The battle for El Salvador’s presidency between the leftist FMLN and the right-wing ARENA party remains in suspense after neither candidate won the requisite majority of votes Sunday. That Salvadorans failed to pick a leader between such polar opposites is the latest symptom of political paralysis amid a deficit of ideas.
El Salvador’s political leaders seem incapable of tackling the country’s most enduring problems, from a crime rate that makes it the second most deadly country in the world, to meager economic growth of just 1.9 per cent during the past decade.
In choosing between a former Marxist guerrilla, Salvador Sanchez Ceren, the current vice president, and the right-wing Norman Quijano, a former dentist, voters seemed undecided for a good reason. Neither politician presented a coherent political platform, resorting instead to a game of Cold War-era name-calling.
The right likes to paint the Farabundo Marti National Liberation Front leaders as communists bent on Cuban-style dictatorship, while the left accuses the Nationalist Republican Alliance of widespread corruption and capitalist greed. Both belong to a generation of unimaginative politicians who are more apt to foment division than to foster economic growth.
The last four years of FMLN policies are an apt example. The government increased social spending, but did so by taking on more debt, with little regard for how this will be paid back. Government debt is set to reach 60 per cent of gross domestic product this year, up from 50 per cent four years ago.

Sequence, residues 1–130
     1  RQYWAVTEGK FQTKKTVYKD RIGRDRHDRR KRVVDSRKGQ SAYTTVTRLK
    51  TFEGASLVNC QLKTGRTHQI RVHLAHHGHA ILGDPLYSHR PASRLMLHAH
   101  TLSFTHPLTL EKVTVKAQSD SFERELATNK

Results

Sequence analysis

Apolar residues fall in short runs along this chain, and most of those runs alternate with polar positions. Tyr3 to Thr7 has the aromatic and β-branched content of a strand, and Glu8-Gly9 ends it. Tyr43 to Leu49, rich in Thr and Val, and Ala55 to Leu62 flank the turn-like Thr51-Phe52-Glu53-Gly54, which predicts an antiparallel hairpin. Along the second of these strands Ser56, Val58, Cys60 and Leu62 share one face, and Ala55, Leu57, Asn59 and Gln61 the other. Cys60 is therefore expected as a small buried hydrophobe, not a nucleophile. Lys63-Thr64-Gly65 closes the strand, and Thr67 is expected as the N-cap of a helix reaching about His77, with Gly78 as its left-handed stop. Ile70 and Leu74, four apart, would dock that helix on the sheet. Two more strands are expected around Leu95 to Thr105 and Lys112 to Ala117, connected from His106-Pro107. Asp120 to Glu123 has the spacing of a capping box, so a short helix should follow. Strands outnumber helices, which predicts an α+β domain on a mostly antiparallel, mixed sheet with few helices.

Meanwhile, the economy is stuck on a mediocre growth path. The country’s staple exports, such as sugar and coffee, do little for the economy. Same for the textile industry that relies on cheap labour. Hungry, ambitious people have become El Salvador’s largest export to the United States. The money migrants send back home is the country’s single largest source of foreign exchange, now at more than 16 per cent of GDP and rising. No one on the right or left seems to know how to stimulate El Salvador’s economy enough to grow anywhere close to the three per cent rate that Latin America will average this year, according to estimates by the International Monetary Fund.
Rampant violence doesn’t help. The government managed to reduce the homicide rate to 6.8 killings a day — a staggering number in a country of 6.3 million people — but only by brokering a truce between rival gangs, not by tackling organized crime directly. Worse, the state suffers from under-equipped and ill-trained security forces, a judicial system known for letting criminals go free and overcrowded prisons that serve as criminal command centers. El Salvador’s central bank reckons that crime costs the economy as much as 10.8 per cent of GDP.
The country’s business leaders are no visionaries either. Many local entrepreneurs sold out to foreign companies and invest their money in Nicaragua or Costa Rica rather than at home. El Salvador’s investment levels, at 14 per cent of GDP, are low compared with peers. But no one can blame the business community: As economist Ricardo Hausmann has put it, El Salvador is a "low return country" with a lack of productive investments or profitable opportunities.
El Salvador’s future president has his work cut out for him. Any new administration must reform the judicial, police and prison systems, and take on criminal gangs.
The country would do well to model its economy after Costa Rica’s, which specializes in high-end manufacturing. Even Intel Corp. has opened up shop in the Central American neighbour. But to do that political leaders must strike a national agreement with the private sector to prioritize education and train a new generation of engineers and technicians, a long-term investment.
El Salvador’s polarized political class shouldn’t allow Cold-War grudges to get in the way of ideas for El Salvador’s future. Yet, that seems to be a cycle the country’s leaders are unwilling to leave behind.
Raul Gallegos is the Latin American correspondent for the World View blog.